Every morning when my daughter wakes up, she cheerily declares how many days left until she leaves. Every morning as the number gets smaller and smaller, my heart hurts a little more. We are down to nine days before she leaves me for a month. A month, four weeks, is such a long time to my mommy-heart. My baby (I know, she is six and would roll her eyes if she heard me calling her my baby) has never been away from me for more than seven days, and those were the longest seven days of my life. I was on my honeymoon for those seven days and my husband and I both cried on days three and five because we missed her so much.
Every morning as she gives me an update on the countdown, my panic renews. She has a new step-sister at her father’s, and she can’t wait to be the big sister. While visions of playing dance through her mind, visions of her new step-sister getting preferential treatment dance through my head. While she daydreams about swimming and playing in the sand at the beach with her father, I envision her father’s back turned as she swims unsupervised and all the awful consequences.
Am I being a bit melodramatic? Possibly, but try telling that to my heart.
Her father’s new wife is also six months pregnant. Another jab to the heart as I continue to pee on ovulation prediction strips (that have yet to be positive) every morning and pray this cycle will finally be THE cycle. I couldn’t possibly love Eva more than I already do, but there is this thought that I have that makes it sound like I don’t want her to exist. The thought of, “Why couldn’t my infertility have happened while I was married to him instead of now, married to my good husband?” I feel like my one, good egg was fertilized by the wrong sperm. If I could still have Eva just as she is, but have the other half of her gene pool excised and replaced with my husband’s, that’d be great.
Ridiculous doesn’t cover it, I know.
Every morning, as she gives me a kiss before she is off to summer school or I’m off to work, I remind myself that she is the one good thing to come out of all the bad. The other half of her gene pool doesn’t matter even if it means I have to ship her to California every summer until she is eighteen, the other half is still half of her, and all of her is perfect. I wouldn’t want a single thing about her or her personality to change, no matter what it would mean.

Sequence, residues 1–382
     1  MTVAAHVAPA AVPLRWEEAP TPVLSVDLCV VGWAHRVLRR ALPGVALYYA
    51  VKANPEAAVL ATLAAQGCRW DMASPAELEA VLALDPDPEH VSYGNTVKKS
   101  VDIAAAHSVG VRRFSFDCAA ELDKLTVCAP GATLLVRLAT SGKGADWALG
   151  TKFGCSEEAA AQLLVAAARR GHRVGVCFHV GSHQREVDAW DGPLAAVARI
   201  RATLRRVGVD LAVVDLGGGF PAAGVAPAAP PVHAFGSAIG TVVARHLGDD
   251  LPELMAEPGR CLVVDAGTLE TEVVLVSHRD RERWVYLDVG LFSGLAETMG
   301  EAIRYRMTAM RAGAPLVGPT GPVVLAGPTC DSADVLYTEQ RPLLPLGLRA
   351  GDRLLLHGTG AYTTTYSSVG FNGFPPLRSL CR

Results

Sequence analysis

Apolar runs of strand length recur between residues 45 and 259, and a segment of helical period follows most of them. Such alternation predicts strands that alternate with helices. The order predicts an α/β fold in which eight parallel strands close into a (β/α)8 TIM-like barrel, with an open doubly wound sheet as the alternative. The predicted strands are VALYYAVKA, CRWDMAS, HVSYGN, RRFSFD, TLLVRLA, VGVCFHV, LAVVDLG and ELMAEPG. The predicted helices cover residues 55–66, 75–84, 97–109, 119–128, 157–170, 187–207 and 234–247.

In just a couple weeks, every morning I wake up it will be just me and my husband. My heart hurts and tears sting my eyes at that thought. He and I will be a little lost without her. All I can hope for is some overtime while she is gone to help keep my mind occupied.
I requested an extra day off for the trip to take her to California. I figured I would need it when I came home as a day that I get to sit and cry and wallow in my self-pity for a moment so that hopefully I can lock it away the rest of the four weeks she is gone.
Still, I can’t help but think about all the parents out there that have to send their child to a different state for eight weeks out of every summer, and every other spring break, and every other Christmas break. Does it get easier? Is it this hard because it is the first time? Eventually, I’m sure there will be an argument between her father and I as he tries to push for her to come out there for longer periods of time and more often. How can that much upheaval in a child’s life be beneficial, though?
Every morning I wake up, I say a prayer for her that God will watch over her while she is away. Maybe I should start including myself in that prayer. One of my best friends has a credit card on standby should I need to fly out there unexpectedly to bring her home early if things aren’t going well. I also pray that I won’t need that credit card. I pray for her to get the love and attention she deserves. I pray that she is treated well, and that she has a wonderful time. Even if it means I have to share her more in the future, I really do just want her happy. I want her to feel like she has wonderful people in her life that love her, not that her mother is great and her father is awful, or, my worst nightmare, that her father is great and her mother is awful.
Maybe I should try sleeping until noon, then maybe my mornings will be greatly improved.